The Tom Bearden Website


Subject: RE: About speed of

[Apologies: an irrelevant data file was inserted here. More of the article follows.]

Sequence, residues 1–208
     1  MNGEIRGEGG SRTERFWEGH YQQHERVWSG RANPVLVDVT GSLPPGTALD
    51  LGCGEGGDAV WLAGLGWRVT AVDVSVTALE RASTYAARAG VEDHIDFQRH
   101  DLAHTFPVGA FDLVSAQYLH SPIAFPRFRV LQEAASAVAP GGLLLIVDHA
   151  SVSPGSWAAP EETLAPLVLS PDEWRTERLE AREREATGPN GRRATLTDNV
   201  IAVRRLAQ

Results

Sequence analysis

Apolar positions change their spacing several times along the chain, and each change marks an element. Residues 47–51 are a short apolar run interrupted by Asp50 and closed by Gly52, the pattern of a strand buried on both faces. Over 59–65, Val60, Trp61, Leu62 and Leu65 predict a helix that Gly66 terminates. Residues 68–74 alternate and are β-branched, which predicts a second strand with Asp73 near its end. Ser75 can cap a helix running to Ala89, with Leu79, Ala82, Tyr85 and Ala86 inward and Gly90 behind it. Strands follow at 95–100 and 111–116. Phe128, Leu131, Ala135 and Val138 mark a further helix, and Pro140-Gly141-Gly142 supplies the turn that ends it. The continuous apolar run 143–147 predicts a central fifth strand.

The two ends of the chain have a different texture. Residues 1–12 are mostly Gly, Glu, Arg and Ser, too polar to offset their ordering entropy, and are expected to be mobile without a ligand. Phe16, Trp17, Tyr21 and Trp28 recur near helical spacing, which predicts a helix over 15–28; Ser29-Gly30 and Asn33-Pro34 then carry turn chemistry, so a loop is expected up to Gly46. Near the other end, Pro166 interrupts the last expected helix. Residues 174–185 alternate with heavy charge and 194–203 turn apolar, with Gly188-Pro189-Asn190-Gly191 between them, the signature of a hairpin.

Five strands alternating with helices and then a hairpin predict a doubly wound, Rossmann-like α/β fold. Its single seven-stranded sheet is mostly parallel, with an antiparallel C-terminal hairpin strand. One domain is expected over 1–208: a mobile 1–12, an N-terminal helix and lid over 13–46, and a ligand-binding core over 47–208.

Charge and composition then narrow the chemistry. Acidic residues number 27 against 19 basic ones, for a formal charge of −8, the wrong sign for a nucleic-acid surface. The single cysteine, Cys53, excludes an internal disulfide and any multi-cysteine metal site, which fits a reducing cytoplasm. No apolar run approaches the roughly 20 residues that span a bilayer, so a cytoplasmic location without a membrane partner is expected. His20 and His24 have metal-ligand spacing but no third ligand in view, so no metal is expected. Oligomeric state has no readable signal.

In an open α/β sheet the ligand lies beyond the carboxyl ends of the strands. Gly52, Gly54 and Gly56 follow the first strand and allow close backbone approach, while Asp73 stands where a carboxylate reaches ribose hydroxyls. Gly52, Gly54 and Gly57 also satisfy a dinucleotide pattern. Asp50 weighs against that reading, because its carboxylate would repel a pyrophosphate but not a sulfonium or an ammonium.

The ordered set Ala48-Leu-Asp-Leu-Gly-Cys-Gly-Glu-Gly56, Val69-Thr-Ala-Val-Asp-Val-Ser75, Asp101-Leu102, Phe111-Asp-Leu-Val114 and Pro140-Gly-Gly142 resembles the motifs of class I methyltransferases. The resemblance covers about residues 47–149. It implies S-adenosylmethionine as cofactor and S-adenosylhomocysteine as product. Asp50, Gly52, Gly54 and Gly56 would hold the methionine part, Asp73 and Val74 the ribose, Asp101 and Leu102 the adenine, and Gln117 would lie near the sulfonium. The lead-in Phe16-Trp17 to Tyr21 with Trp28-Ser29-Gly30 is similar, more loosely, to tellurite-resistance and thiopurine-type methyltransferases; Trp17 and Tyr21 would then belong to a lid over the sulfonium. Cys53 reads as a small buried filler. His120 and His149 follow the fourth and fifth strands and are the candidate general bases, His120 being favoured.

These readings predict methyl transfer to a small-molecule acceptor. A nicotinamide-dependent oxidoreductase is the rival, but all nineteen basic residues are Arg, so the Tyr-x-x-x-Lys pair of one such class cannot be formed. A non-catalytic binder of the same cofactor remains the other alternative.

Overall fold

light Date: Tue, 15 Apr 2008 21:56:02 0500 Hi Mehmet, Longitudinal EM waves can (and most often do) move at light speed c. In space, light waves are NOT force field waves, because force fields exist only in mass. Mass is a component of force by F = d/dt(mv). When m = 0, as in massless space, then F = 0. So as Nobelist Feynman pointed out in his 1964 three volumes of sophomore physics, "…in dealing with force the tacit assumption is always made that the force is equal to zero unless some physical body is present… One of the most important characteristics of force is that it has a material origin…" [Richard P. Feynman, Robert B. Leighton, and Matthew Sands, The Feynman Lectures on Physics, AddisonWesley, Reading, MA, Vol. 1, 1964, p. 122].As Whittaker showed in 1903 and 1904 in two rigorous papers, any scalar EM potential can be decomposed into a bidirectional set of longitudinal EM waves. Any EM field can be decomposed into two such sets, with differential functions applied to "shape" the multilongitudinalwaves comprising each set. Hope this helps, Tom Bearden